If to the human mind’s imaginings
      Silence and solitude were vacancy?

      Now I’m trying to decide what to take on that picnic lunch. I found a good Vermont cheddar and apples yesterday — there’s a start.

  14. This is the most beautiful poem. Oh, yes. She says it well. “If you have ever gone into the woods with me, I must love you very much.” That one takes my breath away.

    Thanks for this. This is far more meaningful than any Sunday morning homily could ever be.

    1. She does have a way of putting things, doesn’t she? There’s no avoiding the virus or its consequences for our lives, but it’s so important to keep a certain distance from it, too. I worry especially about the front-line health care workers — so dedicated, and so often confounded by political leaders with agendae but no expeience with in their fields. I hope they can find their moments in the woods, too — solace to keep them going.

  15. Thank you for helping me think about the current situation in new ways. To me, the words “social distancing” and “self-isolation” have somewhat depressing connotations; whereas, the word “solitude” gives me a sense of enjoyment and peace.

    1. I felt the same about those phrases as you, Sheryl. Another phrase that’s been used by some Houston area officials is ‘shelter in place.’ That’s equally unfortunate, since people usually are advised to shelter in place because of hurricanes or plant explosions; people are experiencing enough anxiety without bringing back memories of those events. No — there’s room in solitude for birdsong and roses: thank goodness.

  16. I love Mary Oliver. Her poetry is just so accessible and good! I really wish I had found some woods to be in yesterday – it was a glorious day. I did sit outside for much of it. Today is cool & drizzly. Ah well, there’s always next week.

    1. Lazing in the sunshine can be as good as a walk in the woods — just ask any cat! Add in a book or a bit of crochet, and time slows down, or disappears, and contentment sets in. We all need a little more of that, however we find it.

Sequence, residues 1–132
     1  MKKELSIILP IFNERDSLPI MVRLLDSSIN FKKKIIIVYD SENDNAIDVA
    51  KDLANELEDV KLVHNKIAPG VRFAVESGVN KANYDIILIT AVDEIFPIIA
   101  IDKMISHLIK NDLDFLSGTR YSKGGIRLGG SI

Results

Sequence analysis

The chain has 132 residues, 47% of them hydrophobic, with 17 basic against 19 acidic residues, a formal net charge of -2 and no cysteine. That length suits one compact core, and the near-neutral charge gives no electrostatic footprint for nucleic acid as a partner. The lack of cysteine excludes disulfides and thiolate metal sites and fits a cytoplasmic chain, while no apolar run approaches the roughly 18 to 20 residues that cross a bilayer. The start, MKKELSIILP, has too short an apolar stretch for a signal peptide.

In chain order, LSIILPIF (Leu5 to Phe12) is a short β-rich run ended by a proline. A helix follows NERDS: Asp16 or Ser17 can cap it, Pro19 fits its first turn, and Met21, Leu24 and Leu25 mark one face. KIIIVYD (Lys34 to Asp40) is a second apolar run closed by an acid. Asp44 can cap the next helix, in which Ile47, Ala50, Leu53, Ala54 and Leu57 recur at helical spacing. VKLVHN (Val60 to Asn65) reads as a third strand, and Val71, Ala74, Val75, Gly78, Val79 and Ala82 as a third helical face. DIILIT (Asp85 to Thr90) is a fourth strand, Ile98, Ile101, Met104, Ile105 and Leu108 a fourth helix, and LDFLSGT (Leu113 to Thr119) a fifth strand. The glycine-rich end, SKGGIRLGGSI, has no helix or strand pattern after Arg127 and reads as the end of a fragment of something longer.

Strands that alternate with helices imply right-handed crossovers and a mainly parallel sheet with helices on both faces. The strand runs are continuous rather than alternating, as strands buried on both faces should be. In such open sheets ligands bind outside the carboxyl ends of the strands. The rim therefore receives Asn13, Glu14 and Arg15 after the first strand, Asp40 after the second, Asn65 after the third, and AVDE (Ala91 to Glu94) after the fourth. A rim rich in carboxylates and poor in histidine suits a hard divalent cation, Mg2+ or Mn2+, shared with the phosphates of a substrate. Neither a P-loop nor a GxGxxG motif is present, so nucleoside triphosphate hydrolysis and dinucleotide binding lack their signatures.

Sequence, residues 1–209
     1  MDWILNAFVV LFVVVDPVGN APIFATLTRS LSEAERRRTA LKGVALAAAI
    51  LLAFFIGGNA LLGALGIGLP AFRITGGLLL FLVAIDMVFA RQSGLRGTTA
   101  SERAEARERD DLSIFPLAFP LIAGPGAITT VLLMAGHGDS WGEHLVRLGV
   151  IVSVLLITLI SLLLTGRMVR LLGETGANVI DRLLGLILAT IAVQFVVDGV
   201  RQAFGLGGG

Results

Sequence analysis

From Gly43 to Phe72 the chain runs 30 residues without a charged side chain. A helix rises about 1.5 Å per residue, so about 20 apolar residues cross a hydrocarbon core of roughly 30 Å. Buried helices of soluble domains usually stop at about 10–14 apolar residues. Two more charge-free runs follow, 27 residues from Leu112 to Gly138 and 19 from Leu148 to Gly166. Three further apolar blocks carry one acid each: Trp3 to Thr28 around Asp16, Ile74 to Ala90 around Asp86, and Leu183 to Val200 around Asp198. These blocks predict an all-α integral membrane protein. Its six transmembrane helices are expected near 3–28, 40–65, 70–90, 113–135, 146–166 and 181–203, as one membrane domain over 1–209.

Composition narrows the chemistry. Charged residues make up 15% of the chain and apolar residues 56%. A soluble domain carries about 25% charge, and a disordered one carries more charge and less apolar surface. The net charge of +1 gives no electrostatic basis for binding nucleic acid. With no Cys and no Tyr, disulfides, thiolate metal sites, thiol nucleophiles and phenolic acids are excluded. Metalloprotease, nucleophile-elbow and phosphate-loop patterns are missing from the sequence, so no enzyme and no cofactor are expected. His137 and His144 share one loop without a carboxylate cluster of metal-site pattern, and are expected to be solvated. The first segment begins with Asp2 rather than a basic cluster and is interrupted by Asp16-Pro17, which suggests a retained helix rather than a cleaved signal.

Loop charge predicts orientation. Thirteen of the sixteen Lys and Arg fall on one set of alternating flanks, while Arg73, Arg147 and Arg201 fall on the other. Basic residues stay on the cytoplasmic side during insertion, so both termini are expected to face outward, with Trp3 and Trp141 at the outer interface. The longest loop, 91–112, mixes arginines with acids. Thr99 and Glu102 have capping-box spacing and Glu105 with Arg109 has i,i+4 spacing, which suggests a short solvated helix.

17. I can see from the comments how much this selection from Mary’s work has resonated with folk.
    Indeed, I had to learn how to not self isolate for most of my life, so this is no hardship.
    I tried small group photo walks a couple of times, as part of my learning, but I never took a photo worth keeping. I am what I am.

    1. I tried some of those photo walks myself, and found them frustrating. Even going out with my camera and a friend can be problematic. It’s not the friend’s fault; the ones who go with me enjoy the outdoors and are patient as can be. Still, having the ‘vibes’ of another person around is distracting; I don’t see as well, or concentrate as fully. Now, Fred? Pixel? I think that might work out all right.

      1. When we lived on a large property we could do great walks together and no disturbance to my photography. These days with Fred mostly on a lead, I spend less time on shots, so have to adapt to that in other ways. Fred hears click of shutter and then is ready to move on, too smart!

    1. I just picked up some eggs from a friend this morning. When the grocery store shelves are empty, having a friend with chickens is a very good thing. And good for you, spreading that wealth around. A little boy I know swears that “home-made eggs” are better than store-bought, and he’s right.